Night. Fireflies fell through the atmosphere at a furious pace, energizing the darkness. Dust covered the streetlights, lending a syrupy patina to the town. Lizards flicked their tongues in subtle expressions of curiosity and rage. Somewhere a deacon lay abed, not dreaming, but sighing yearningly. The moon stumbled over the window sill, fell on to the floor, and rolled slowly across the painted boards. The deacon ignored it. What was she to do? How could she sleep? Tomorrow night would be her second deacon meeting. It would be numbing. She’d try to hide in the woodwork again. It might not work. Too many others were trying to fit in there too. Last time the pastor led with a devotional and prayer. The pause that came next was portentous. So was his voice. She felt sleepy already just thinking about tomorrow’s meeting, so why couldn’t she sleep now? How could you be tense and wakeful imagining a boring and soporific meeting? Where was the joy? The praise? The celebration? Where was the beef?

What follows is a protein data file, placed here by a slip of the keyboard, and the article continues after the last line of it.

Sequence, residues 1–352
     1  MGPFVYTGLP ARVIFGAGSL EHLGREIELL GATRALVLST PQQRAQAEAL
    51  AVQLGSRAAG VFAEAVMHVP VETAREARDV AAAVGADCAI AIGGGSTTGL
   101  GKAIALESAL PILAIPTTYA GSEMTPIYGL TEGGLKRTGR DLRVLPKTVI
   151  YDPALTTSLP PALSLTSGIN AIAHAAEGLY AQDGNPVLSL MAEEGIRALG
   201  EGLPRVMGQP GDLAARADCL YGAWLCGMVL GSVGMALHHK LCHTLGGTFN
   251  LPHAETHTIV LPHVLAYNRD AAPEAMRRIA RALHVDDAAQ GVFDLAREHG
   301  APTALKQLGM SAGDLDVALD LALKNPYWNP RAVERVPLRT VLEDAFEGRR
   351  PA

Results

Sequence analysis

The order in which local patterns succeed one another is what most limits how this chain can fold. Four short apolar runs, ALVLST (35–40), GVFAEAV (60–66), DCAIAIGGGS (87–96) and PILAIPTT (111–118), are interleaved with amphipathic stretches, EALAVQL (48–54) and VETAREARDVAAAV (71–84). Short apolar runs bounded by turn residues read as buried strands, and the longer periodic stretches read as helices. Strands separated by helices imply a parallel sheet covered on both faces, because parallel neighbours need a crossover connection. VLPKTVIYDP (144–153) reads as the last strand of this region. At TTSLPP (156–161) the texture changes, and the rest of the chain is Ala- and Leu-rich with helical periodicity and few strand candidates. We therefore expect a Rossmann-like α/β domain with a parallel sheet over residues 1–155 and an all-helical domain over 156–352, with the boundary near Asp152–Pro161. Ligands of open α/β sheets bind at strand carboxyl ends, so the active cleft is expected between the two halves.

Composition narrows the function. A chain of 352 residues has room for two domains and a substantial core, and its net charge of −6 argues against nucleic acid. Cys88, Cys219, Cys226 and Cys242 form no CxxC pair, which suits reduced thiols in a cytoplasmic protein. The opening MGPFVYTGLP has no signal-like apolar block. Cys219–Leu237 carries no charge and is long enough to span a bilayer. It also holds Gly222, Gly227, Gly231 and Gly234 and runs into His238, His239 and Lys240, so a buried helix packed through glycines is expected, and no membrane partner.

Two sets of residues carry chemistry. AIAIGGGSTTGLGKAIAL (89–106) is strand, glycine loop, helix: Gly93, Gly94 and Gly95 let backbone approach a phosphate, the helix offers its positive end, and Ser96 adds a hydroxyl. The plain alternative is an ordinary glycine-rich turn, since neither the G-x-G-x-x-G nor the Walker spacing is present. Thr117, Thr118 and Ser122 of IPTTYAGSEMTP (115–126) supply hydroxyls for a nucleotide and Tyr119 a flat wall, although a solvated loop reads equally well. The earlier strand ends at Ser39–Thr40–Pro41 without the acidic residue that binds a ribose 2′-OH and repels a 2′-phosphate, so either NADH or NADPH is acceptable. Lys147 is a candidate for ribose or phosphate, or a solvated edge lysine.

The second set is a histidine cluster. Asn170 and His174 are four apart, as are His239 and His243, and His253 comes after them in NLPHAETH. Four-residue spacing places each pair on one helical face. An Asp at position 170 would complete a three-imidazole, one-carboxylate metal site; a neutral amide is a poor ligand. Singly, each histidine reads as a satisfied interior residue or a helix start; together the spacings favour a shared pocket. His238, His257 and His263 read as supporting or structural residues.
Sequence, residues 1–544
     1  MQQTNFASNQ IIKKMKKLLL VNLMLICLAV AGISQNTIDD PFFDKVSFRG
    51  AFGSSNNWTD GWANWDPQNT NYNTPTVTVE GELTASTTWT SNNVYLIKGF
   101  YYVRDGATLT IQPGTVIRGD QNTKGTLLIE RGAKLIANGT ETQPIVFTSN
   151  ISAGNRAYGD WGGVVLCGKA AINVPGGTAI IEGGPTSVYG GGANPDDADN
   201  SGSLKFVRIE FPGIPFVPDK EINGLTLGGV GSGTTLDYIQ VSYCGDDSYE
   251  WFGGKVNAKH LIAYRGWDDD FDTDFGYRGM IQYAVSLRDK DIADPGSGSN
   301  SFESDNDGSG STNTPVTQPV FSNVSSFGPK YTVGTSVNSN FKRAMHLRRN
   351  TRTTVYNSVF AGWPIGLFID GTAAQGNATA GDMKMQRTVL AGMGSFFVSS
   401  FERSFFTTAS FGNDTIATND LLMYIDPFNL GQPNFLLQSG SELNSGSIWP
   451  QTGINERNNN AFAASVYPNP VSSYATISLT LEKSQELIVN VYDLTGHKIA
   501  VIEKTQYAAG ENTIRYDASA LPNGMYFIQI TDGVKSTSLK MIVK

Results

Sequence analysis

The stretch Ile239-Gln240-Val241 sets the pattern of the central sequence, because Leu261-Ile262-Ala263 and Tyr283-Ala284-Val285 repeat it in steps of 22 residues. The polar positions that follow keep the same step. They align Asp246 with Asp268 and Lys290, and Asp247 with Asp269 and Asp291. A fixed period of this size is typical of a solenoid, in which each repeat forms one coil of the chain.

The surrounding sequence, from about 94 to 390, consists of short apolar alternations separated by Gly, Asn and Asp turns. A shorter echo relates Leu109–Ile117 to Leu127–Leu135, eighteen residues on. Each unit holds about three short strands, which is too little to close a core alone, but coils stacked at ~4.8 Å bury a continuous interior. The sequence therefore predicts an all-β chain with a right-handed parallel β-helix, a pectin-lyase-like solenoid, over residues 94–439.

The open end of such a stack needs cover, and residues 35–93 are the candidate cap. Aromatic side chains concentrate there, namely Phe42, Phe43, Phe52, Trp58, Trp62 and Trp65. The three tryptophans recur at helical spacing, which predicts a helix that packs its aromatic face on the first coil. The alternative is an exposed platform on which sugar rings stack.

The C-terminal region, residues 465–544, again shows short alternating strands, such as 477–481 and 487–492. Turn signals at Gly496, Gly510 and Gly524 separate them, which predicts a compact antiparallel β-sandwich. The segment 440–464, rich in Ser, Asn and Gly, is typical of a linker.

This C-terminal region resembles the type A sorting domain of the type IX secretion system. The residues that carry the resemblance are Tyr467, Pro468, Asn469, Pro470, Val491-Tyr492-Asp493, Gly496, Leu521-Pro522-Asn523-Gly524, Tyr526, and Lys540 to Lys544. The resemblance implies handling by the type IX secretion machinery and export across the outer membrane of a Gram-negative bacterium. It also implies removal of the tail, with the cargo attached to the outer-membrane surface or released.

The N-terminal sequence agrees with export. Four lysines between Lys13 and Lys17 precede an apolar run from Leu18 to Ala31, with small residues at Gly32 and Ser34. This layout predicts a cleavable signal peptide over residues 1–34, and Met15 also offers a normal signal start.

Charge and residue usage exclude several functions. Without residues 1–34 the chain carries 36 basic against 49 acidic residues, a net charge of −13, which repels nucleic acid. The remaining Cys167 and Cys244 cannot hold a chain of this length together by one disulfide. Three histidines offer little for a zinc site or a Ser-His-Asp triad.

Crickets tuned up; they played dirges and laments. Wolves howled. The Christian Reformed Church down the street sat silent, waiting. The deacons were coming. Tomorrow they would come. They would meet. They would turn on lights; they would talk and drink coffee. They would follow the agenda. They would turn out the lights and go home. This is what the church was waiting for. The church would settle back into the darkness and the quiet. There would be some interruption of the evening’s slow progression toward night. The floor creaked; the deacon sighed; somewhere angels were fighting. On this street the deacons were only a small disturbance in the gloaming. The church waited ….